Thank you so much for sharing this with us and investing time in writing this.I found this really insightful and helpful, and I can empathize with a lot of what you've felt throughout this journey."I’m sad that I’m not better or smarter than I grew up hoping I might be."I feel like this is a thinking pattern that many people from our generation have, which is problematic because it's a fact that not everybody can be the most X person in the world, be it most impactful, most beautiful, most talented, or most wealthy. I feel it's also not true on an individual level; we tend to estimate our potential self while neglecting vital personal preferences - some of us just want to work less than others. and while for some people it feels good to work all the time, for others it's demotivating and depressing, and they are much happier when spending more time with friends and family, or watching Netflix on weekends instead of working and studying diligently. One of the biggest struggles for me, and I would assume that's true for other people too, is that it can prevent us from noticing and celebrating our own progress because it always feels that we're still miles away from the finishing line - We're not fulfilling our potential. Then we're demotivated, and that surely doesn't help.
I fully agree with you on that, and from my humble experience, it's rare for people in EA to be interested in doing good purely from a cold and calculated point of view. A lot of us probably had the will to do good much earlier in life and long before we got to EA, and for us Effective Altruism is just the way in which we follow our ever-existing passion to do good. I also think we should make sure people who stumble upon us don't get the idea that we're not doing this because we're passionate about it. That can and does alienate a pretty substantial amount of people that discover EA, from my own anecdotal experiences with friends and newer community members.Highlighting content that talks about motivation and excitement, and presenting it to people who are new to EA, might help us to:1. Prevent people from feeling disconnected from our mission.2. Be more appealing to people who have a strong desire to do good but are not very analytical or comfortable with the type of content we usually highlight. After we appeal to their emotion and establish common ground - we're all hopeful and excited to do good - then we can start talking about the HOW.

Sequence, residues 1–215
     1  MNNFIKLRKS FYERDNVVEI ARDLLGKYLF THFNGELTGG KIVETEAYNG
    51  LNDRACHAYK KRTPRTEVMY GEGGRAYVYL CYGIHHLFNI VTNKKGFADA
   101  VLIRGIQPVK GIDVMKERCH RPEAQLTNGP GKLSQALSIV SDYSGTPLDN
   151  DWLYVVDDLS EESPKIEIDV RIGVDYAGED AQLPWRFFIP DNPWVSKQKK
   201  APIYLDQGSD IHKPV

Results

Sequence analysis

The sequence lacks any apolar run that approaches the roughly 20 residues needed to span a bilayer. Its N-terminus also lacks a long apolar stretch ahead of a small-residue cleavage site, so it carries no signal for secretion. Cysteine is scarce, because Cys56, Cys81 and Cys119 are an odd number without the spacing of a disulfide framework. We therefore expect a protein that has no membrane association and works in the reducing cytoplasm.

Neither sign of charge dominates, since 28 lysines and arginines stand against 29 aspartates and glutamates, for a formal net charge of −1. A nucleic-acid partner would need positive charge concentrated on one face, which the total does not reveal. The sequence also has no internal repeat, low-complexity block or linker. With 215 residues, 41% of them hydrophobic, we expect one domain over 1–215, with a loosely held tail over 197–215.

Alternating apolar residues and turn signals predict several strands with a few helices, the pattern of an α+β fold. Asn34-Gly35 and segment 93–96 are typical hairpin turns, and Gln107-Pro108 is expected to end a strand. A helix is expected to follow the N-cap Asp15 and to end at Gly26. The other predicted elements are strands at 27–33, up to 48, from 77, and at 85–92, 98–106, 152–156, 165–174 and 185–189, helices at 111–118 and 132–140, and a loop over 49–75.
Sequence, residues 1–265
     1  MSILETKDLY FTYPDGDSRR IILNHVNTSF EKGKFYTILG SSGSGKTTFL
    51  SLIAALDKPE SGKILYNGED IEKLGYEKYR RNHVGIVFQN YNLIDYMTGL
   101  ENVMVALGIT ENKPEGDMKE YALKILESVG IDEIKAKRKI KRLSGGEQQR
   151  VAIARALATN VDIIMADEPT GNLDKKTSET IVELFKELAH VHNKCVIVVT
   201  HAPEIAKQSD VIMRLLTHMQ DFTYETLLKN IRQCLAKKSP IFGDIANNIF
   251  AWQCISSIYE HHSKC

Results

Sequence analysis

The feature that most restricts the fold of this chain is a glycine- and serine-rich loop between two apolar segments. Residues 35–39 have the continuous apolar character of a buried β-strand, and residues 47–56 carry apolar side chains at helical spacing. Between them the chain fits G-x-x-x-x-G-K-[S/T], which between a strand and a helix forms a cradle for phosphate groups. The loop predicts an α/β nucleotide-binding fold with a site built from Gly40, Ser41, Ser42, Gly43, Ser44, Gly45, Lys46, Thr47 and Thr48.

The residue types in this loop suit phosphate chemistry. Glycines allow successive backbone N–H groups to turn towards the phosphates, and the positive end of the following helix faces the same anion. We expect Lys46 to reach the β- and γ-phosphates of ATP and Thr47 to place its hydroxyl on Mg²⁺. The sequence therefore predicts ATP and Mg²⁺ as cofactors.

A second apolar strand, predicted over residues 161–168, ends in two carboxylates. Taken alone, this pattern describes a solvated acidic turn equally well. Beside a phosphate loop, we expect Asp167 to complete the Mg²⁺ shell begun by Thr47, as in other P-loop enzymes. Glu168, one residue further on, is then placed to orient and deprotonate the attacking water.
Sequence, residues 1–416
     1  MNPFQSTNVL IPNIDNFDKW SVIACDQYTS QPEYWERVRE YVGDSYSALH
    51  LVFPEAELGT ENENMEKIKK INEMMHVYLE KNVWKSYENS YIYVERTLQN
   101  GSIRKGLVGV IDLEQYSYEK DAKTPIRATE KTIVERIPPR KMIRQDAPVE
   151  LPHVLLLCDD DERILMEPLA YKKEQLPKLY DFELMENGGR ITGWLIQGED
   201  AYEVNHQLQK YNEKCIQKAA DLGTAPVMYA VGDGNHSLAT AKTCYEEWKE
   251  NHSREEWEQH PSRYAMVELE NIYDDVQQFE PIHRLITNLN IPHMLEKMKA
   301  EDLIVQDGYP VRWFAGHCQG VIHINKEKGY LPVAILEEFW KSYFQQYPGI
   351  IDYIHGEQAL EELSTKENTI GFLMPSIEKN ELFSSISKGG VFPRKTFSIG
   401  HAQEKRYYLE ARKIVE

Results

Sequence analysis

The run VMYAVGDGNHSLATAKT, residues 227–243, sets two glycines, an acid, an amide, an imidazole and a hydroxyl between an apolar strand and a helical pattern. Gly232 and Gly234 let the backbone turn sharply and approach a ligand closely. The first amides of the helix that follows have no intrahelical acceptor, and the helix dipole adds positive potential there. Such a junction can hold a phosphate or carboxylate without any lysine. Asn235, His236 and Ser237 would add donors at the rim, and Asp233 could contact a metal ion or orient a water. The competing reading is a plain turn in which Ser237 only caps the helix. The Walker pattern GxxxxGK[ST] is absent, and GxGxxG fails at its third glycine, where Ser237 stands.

Effective Altruism Israel and LessWrong Israel present a new talk - Introduction to existential risk from Artificial Intelligence with Vanessa Kosoy.
In this talk, which assumes no prior knowledge in artificial intelligence, Vanessa will explain the problem in question, and how researchers in the field are trying to solve it. Vanessa is a Research Associate with the Machine Intelligence Research Institute (MIRI) studying the mathematical formalization of general intelligence and value alignment.
The talk will be in English, is not technical, very accessible and quite comprehensive, and is great for both EA's and your non-EA friends that you think should know about this topic.
Here's the facebook event, We start at 19:00 Israel Daylight Time, 16:00 GMT. See the time in your timezone here.
See you there!
I really love how it enables to do a lot of different things: helps produce content, allows a "trial period" to examine the potential of prospects, acquiring highly-engaged and highly-informed community members, and building the local community.
Waiting to hear about the longer term effects, but it already seems quite worthwhile.